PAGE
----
By contrast, a cold storage wallet is considered as its name implies; that private keys are stored in a place that is not subject to the same conditions that something turned “on” is—in this way, there is no “live wire” of constant accessibility. 

This wallet operates far more like a traditional wallet in that your assets can be stored on your person in the form of some type of device which can be taken with you at any time—a more analog method of keeping your assets secure.

Another term often associated with cold storage is hardware wallets.  A hardware wallet provides users with a more secure method of storage and can often be taken with you on the go.  Depending on what kind of hardware wallet you end up going with for cold storage, additional benefits can be provided.  As an example, the Trezor Model T not only provides you with the usual security measures that cold storage provides, but also backing up the entire wallet and passwords are individually locked.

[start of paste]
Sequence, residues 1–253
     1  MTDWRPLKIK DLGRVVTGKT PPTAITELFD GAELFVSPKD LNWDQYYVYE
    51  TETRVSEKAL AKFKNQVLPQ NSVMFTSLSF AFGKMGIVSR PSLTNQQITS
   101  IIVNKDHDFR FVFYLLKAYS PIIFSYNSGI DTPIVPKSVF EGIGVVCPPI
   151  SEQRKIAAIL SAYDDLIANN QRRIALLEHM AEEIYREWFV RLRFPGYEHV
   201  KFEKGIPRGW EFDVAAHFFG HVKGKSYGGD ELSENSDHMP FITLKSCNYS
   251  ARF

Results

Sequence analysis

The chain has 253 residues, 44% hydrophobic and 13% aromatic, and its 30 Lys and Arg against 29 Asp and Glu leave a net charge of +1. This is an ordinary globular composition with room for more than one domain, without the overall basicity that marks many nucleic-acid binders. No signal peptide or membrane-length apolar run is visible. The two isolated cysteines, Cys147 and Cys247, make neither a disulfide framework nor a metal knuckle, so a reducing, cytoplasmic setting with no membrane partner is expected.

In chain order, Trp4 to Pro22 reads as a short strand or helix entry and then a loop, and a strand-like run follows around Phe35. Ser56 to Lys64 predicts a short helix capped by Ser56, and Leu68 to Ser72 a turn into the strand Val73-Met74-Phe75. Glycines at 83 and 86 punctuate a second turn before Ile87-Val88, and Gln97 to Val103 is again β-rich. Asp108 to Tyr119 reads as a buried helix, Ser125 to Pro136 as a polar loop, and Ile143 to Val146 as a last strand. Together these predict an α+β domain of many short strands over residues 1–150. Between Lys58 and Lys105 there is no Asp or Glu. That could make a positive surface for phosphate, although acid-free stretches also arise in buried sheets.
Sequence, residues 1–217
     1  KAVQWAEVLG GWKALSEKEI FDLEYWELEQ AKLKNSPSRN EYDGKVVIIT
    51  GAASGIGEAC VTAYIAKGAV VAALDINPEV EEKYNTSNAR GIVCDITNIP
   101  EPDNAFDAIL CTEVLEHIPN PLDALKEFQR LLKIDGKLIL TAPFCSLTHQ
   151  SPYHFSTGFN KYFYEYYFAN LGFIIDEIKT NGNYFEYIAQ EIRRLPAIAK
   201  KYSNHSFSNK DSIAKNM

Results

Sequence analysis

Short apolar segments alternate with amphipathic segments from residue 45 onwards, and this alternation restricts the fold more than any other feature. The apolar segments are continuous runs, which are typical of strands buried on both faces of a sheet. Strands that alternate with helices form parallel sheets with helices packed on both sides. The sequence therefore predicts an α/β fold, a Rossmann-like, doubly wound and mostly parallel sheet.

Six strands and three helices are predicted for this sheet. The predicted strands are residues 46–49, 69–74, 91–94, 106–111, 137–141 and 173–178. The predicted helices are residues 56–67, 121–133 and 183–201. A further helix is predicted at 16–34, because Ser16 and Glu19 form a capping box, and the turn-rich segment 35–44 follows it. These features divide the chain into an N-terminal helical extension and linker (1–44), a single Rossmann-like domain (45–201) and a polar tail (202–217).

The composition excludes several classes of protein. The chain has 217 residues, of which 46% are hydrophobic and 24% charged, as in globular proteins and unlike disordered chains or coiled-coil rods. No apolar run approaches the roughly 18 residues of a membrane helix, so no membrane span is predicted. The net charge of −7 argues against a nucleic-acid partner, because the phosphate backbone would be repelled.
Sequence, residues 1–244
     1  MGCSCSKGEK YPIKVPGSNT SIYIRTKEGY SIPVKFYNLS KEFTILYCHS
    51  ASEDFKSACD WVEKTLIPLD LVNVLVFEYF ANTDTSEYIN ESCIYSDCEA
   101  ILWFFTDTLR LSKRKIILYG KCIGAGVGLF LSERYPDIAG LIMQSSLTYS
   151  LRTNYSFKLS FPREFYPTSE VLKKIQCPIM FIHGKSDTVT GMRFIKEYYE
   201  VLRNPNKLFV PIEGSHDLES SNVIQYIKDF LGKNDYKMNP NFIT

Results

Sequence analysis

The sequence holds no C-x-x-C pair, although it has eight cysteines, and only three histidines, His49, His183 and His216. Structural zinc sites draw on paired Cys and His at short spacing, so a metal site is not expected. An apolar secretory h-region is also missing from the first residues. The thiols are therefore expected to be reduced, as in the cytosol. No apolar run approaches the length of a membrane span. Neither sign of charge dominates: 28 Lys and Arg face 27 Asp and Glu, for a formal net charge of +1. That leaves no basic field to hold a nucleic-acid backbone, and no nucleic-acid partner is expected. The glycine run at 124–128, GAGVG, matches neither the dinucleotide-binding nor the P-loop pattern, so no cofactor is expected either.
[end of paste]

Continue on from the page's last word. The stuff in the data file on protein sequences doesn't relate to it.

How does a cold wallets work?  

A cold wallet typically follows a basic format wherein a user inputs their hardware device and selects the option that they want (whether they want to receive or send crypto).  This will generate an address.  With this address, users can send crypto to it. 

As the cold wallet has both your public and private keys associated with it, once crypto has been sent or received to the identified address, a user can then disconnect the device and remove their information from being online.  The crypto that was sent, the address that it was sent to, the private and public keys all safely in the hands of the user.

Hot Wallets vs. Cold Wallets Compared: How to decide?